Health and Safety at Work etc. Act 1974

Briefing: The Robens Report: 50 years since its publication

This month marks 50 years since the publication of the Robens Report, a seminal undertaking that transformed the way health and safety was addressed in Britain’s workplaces, and which led to the introduction of the Health and Safety at Work etc. Act 1974. In this briefing, we look at some of the ways the Report is being celebrated.

History of Occupational Safety and Health
The Robens report, published in 1972, led to a fundamental change in the approach to the management and regulation of work-related safety and health issues in the UK. It is probably fair to say this is a widely shared view – both by those who would applaud and acclaim the changes as being positively transformational as well as those who have criticised the “Robens philosophy” as being naïve and misconceived.

The report led to the Health and Safety at Work etc. Act 1974 (HSWA) and the creation of the Health and Safety Commission (HSC) in 1974 and the Health and Safety Executive (HSE) in 1975. Therefore, there are three related 50th anniversaries in 2022, 2024 and 2025, all leading to the development of a health and safety at work “system” in Great Britain.

Fiftieth anniversaries can provide opportunities for reflection on developments and lessons learnt. These can be interesting but become of more value if used to consider their relevance and learning in consideration of contemporary issues and challenges. The fact that there are three interlinked anniversaries provides space and an opportunity to for such reflection. It is likely that the 50th anniversaries of the HSWA and HSC/E in 2024/25 will prompt the most interest and scrutiny. However, we believe that the reflections need to start with a clear understanding of what the Robens report actually said and is informed by the evidence of how outcomes, in terms of occupational accidents and ill health, have improved since 1974.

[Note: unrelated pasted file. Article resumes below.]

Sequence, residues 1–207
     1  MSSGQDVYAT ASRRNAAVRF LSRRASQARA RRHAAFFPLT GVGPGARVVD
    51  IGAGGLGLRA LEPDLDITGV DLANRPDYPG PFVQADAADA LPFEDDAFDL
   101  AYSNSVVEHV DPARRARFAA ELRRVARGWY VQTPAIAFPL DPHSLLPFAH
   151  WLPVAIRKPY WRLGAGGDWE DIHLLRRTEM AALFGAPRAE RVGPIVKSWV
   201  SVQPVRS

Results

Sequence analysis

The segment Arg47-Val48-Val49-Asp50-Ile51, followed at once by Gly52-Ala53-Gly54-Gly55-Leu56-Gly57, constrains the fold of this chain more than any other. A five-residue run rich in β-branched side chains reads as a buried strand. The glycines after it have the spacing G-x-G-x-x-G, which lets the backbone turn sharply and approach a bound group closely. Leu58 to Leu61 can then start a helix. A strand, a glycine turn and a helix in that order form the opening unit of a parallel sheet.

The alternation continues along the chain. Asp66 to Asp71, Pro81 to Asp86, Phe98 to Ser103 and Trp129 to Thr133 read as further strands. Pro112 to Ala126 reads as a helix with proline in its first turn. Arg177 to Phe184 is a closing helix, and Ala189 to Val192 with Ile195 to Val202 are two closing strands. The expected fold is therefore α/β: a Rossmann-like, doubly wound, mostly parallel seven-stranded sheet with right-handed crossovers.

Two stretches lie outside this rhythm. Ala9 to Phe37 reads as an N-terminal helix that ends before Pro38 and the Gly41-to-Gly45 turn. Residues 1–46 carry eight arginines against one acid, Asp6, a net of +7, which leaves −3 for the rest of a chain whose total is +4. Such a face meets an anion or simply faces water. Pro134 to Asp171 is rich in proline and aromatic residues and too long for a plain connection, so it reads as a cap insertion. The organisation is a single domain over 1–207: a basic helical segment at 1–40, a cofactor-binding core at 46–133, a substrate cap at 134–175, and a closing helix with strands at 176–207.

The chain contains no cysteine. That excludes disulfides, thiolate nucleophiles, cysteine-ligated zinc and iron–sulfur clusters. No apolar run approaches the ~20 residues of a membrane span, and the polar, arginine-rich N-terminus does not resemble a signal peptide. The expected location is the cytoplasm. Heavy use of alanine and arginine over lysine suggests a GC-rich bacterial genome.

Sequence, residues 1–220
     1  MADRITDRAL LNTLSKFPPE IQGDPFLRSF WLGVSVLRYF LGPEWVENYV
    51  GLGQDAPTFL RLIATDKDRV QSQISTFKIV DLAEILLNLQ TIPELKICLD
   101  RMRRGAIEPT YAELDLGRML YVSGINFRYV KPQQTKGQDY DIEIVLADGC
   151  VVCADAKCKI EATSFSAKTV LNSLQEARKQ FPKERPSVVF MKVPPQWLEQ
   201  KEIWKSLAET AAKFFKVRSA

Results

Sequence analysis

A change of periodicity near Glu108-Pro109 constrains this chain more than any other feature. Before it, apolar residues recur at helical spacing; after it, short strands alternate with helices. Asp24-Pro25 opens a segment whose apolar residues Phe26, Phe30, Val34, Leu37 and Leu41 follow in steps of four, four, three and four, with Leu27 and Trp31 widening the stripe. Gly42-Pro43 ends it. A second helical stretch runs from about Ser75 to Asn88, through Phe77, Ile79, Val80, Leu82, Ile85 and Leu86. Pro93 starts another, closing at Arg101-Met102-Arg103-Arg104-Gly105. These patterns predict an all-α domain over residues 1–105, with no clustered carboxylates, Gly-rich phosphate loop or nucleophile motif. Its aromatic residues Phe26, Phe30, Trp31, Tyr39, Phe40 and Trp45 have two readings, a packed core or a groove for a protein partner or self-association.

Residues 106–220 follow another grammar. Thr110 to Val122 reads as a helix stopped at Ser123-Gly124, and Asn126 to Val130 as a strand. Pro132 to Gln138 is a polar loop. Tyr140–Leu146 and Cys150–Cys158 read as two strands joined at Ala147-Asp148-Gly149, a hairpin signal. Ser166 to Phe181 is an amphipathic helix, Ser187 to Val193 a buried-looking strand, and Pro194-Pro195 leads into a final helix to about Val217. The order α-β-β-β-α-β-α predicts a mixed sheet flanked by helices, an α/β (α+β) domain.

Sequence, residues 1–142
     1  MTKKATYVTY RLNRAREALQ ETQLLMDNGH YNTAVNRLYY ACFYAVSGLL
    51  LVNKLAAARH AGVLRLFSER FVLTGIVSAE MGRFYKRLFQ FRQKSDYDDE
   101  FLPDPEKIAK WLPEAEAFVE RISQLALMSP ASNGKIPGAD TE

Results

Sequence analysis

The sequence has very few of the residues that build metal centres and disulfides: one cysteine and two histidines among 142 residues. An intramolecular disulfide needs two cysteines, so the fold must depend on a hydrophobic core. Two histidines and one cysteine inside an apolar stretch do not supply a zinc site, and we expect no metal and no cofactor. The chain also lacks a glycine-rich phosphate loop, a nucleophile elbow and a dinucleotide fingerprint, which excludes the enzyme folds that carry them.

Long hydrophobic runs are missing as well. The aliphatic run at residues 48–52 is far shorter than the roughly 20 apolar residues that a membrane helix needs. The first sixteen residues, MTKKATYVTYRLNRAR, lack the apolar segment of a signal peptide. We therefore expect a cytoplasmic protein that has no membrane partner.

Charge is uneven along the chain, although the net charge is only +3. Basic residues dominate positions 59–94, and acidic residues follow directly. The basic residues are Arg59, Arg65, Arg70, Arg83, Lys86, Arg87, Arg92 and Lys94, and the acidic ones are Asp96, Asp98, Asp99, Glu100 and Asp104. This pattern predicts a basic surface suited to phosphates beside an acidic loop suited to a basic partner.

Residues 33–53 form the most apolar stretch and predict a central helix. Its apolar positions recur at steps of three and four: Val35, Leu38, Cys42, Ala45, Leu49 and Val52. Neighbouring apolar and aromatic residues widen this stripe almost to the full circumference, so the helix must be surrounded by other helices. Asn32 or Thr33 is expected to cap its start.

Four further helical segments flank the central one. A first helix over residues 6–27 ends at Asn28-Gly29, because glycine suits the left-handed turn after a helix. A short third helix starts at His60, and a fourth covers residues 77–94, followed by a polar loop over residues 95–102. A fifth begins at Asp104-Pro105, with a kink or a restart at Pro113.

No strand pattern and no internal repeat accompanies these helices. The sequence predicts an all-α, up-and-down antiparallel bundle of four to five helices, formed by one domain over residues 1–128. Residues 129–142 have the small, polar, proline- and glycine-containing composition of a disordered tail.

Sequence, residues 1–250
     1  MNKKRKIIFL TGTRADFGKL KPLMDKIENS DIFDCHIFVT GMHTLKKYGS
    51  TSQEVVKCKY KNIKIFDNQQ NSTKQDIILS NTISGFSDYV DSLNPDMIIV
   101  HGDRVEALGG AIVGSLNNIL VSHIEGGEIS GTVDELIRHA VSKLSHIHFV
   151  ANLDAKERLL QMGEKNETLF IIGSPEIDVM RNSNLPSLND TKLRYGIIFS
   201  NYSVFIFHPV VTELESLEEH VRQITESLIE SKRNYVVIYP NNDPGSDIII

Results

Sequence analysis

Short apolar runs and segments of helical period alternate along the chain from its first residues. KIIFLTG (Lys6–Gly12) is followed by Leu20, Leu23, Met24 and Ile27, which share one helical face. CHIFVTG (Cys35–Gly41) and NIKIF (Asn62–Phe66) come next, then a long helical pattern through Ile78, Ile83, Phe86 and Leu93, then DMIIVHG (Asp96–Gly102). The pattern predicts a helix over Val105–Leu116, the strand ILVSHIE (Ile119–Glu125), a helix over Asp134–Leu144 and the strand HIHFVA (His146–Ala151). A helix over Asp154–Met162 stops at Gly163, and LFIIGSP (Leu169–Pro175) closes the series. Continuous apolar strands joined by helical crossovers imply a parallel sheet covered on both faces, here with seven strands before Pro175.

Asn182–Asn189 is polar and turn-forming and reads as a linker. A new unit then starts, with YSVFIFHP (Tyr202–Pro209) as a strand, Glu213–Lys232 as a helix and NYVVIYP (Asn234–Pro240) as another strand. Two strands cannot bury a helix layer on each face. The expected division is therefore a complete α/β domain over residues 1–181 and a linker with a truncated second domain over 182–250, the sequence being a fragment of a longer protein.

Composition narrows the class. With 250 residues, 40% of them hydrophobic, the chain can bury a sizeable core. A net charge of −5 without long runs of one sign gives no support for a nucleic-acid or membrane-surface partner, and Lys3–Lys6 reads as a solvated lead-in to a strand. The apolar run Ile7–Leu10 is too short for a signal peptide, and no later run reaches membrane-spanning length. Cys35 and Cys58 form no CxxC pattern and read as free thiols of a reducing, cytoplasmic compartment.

To stimulate that reflection and discussion, David Ashton, David Eves, Kevin Myers, and David Snowball, all formerly of the HSE, have prepared and commissioned three papers:

  • Why Robens? sets out the genesis of the Robens report – and what it said. It is inevitable that, with the passage of time since the report was published, some recollections of the report may have become blurred. Indeed many people currently working within the “system” may be unaware of its genesis.
  • Unravelling the Maze seeks to answer an obvious question that emerges from reading Why Robens? as to whether and how the recommendations in the Robens report were implemented – and, if not, why?
  • A third paper, What difference did Robens make? Analysing health and safety data across the decades seeks to look at the changes in health and safety outcomes over the last 50 years to inform any discussions about the impact of the report.


The 1972 Robens report and the organisations it gave birth to transformed health and safety in Britain and has shown remarkable adaptability even half a century later, says IOSH. July 2022 marks 50 years since the Robens committee, led by Lord Alfred Robens, published its landmark report, transforming Britain’s regulatory OSH approach and creating a ripple effect felt as far away as Singapore and Australia.

The report, Safety and health at work: report of the committee 1970-1972, outlined a series of recommendations aimed at overhauling the nation’s fragmented and overly prescriptive OSH regime. Accidents and fatalities at work by 1970 were unacceptably high and the UK regulatory system wasn’t working. One of several catalysts for change was the Aberfan disaster on 21 October 1966 when 144 people – 116 of them children – were killed by a tip of coal waste sliding onto their South Wales village.

The Tribunal that was later held into the disaster concluded: ‘Blame for the disaster rests upon the National Coal Board’ – the same coal board that Lord Robens was chairman of when the disaster occurred.